One of the most original big-budget movie companies of recent years has been struck with sequel-itis, or reboot fever. Although Pixar try to come across as master storytellers who are able to make the big bucks without compromising any of their vision, they arguably haven’t had much success with their throwbacks to Monsters Inc (2001) and Finding Nemo (2003). The respective prequel and sequel were disappointing in comparison to their predecessors, even if they still presented Pixar’s usual visual breadth and energetic pacing (and let’s not get started on the three Cars films).
And now with another of their early 2000s films getting the reboot for nostalgic millennials, Incredibles 2 is certainly the most successful throwback since Toy Story 3 (2010). Changing up the dynamic of the Incredibles family with a role reversal, as Elastigirl (Holly Hunter) is sent to the city of New Urbrem to combat high-scale crime, while Mr Incredible (Craig T. Nelson) is left at home to take care of the kids.
Throughout the entire film, but especially the action scenes, is where Incredibles 2 differentiates itself from most other superhero films by its use of ‘50s big band style music score and colourful imagery, which helps with its unabashed fun that is sorely missing from the vast majority of live-action “gritty” and colourless blockbusters.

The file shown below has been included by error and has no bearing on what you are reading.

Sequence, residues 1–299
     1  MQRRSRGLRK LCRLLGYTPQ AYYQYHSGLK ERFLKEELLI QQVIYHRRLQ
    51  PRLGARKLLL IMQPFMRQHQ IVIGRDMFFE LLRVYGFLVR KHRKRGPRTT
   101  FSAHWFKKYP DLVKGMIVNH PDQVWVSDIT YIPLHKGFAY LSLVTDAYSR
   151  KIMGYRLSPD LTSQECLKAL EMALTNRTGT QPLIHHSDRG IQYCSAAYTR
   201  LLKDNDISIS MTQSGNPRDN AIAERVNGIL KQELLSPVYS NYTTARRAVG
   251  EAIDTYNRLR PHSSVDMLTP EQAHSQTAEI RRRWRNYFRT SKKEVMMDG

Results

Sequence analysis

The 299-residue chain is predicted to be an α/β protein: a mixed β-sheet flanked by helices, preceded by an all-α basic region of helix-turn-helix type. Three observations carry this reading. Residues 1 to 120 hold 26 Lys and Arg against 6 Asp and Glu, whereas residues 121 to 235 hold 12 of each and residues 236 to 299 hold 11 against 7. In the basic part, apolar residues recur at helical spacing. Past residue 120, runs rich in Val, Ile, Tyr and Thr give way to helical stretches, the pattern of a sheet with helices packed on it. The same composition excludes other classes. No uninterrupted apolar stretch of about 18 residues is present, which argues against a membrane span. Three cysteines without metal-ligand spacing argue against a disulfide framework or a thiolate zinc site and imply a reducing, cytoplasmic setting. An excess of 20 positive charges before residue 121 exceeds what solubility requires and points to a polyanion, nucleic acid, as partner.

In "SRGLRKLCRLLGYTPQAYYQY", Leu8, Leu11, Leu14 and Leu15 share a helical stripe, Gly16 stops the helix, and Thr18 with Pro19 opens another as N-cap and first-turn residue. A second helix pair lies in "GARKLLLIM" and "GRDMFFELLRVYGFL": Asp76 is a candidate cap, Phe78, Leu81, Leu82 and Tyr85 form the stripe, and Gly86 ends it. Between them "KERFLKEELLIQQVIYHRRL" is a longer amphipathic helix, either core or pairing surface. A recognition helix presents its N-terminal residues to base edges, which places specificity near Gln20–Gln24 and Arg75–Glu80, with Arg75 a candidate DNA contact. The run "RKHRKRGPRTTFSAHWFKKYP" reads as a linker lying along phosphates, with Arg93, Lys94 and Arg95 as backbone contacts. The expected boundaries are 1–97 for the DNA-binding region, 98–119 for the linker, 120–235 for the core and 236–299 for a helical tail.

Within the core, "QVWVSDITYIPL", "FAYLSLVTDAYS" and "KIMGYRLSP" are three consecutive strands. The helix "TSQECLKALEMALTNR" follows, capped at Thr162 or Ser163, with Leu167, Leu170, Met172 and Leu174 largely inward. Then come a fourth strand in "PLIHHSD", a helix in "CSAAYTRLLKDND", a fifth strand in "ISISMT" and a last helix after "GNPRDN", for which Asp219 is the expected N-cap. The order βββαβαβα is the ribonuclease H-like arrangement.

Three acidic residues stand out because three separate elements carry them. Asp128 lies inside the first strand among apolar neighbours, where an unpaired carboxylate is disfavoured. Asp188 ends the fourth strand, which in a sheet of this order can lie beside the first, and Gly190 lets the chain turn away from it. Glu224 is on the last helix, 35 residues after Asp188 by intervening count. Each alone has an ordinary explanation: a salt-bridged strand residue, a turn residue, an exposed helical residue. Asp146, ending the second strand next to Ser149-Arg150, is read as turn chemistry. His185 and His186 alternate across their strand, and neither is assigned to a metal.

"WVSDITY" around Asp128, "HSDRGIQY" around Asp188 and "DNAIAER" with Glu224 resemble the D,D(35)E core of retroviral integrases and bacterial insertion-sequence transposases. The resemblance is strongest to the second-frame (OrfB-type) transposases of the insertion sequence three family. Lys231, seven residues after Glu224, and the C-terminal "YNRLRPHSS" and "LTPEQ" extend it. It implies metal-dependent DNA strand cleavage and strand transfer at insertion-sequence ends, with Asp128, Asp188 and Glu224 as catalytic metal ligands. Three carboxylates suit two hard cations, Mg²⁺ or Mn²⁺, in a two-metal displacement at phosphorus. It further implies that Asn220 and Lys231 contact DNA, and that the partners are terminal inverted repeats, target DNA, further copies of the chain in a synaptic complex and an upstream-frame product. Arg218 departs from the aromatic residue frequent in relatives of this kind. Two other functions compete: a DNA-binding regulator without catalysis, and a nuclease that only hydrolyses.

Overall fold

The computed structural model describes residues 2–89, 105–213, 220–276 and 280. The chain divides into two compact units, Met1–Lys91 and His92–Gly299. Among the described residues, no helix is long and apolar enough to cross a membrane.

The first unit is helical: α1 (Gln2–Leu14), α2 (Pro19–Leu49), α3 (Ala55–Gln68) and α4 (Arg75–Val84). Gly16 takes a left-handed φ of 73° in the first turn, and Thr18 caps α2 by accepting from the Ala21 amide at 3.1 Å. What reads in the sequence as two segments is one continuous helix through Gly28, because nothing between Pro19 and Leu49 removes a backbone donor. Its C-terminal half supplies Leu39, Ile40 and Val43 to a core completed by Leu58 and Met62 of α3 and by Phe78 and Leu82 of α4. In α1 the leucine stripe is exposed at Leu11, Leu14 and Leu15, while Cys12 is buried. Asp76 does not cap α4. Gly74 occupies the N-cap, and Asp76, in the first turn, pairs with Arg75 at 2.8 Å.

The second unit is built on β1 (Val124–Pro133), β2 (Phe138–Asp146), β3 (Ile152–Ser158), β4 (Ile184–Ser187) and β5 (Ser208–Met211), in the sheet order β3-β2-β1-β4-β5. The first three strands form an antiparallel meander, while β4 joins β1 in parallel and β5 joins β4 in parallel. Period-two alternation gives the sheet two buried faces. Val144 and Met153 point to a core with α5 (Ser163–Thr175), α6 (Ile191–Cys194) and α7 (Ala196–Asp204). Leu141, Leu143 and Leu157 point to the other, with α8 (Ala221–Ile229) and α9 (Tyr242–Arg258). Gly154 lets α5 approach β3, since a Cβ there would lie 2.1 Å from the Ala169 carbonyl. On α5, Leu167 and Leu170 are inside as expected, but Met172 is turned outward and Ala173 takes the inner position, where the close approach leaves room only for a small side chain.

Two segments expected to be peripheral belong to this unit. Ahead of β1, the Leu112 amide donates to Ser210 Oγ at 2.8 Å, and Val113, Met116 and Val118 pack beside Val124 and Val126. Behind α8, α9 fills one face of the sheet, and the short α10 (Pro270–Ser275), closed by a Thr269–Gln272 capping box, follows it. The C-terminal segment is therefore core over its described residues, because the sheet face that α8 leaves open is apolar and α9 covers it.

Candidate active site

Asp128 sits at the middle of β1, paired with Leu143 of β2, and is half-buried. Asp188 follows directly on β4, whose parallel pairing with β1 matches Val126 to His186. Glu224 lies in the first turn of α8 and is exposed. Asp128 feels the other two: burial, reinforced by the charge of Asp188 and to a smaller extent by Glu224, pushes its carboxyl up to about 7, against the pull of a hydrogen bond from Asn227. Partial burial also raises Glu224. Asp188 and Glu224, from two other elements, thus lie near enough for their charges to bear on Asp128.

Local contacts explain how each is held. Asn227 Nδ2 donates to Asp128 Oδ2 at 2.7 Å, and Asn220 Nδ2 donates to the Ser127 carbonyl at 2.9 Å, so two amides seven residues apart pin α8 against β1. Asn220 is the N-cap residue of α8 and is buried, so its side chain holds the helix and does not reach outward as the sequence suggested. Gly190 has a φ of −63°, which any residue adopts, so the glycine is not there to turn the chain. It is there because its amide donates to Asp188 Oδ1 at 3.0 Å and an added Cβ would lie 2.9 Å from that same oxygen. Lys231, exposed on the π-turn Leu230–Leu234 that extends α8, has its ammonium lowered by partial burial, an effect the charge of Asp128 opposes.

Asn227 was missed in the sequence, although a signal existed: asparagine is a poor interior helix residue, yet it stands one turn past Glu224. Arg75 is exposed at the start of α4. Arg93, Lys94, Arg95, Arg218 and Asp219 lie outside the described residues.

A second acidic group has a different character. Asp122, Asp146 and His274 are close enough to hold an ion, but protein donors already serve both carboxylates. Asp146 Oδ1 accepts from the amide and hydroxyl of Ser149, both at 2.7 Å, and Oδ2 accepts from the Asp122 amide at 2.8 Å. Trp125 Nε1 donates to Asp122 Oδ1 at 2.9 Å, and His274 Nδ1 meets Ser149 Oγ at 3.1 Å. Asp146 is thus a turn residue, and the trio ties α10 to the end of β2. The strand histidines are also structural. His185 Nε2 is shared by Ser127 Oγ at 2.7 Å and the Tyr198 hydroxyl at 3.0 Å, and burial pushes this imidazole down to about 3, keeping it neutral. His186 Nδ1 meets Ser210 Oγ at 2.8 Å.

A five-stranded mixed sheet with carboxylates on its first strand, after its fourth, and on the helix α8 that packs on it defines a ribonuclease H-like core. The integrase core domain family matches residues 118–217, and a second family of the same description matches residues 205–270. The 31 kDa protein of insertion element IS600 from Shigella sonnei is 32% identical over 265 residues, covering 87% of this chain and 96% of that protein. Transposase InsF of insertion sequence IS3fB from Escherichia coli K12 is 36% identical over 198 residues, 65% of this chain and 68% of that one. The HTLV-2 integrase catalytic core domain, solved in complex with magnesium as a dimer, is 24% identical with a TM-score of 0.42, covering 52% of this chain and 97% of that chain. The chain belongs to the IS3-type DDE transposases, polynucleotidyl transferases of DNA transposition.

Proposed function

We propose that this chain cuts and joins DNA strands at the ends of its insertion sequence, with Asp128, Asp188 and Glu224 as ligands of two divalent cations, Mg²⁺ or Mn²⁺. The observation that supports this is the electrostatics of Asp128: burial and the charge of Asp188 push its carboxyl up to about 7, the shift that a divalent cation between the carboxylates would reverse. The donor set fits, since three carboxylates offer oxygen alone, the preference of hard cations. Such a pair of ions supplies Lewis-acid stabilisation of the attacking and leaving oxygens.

At home, Mr Incredible becomes a hero of his own, working hard to figure out how to take care of his lightning fast son Dash (Huck Milner), his daughter Violet (Sarah Vowell), who can make herself invisible, and most destructive of all, baby Jack-Jack, whose superpowers seem unending.
The handling of these two storylines shows Incredibles 2 can be amusing and can move the story forward, but it can’t do both at the same time. When it’s not being an immensely, nearly overwhelmingly entertaining ride showcasing the superpowers of Elastigirl in action or Jack-Jack running amok at home, it becomes a dull, uninspired slog when it sets its sights on tech billionaire Winston (Bob Odenkirk) helping the family to redeem themselves for the public, or on his helping-hand sister Evelyn (Catherine Keener), or on the mysterious screen-hacking mind-control hypnotist supervillain Screenslaver, none of whom have much characterisation to offer other than to spell out the plot to the Incredibles (and the audience).
Pixar are playing things more safely here, never striking any cartoonish experimentation or melancholic power that they’ve had in their best work like Up, Toy Story 3, and Inside Out. Yet even what seems to be at half capacity for them, they’re still offering up a dose of popcorn entertainment that’s refreshing in an age of blockbusters that are muted in both cinematography and fun.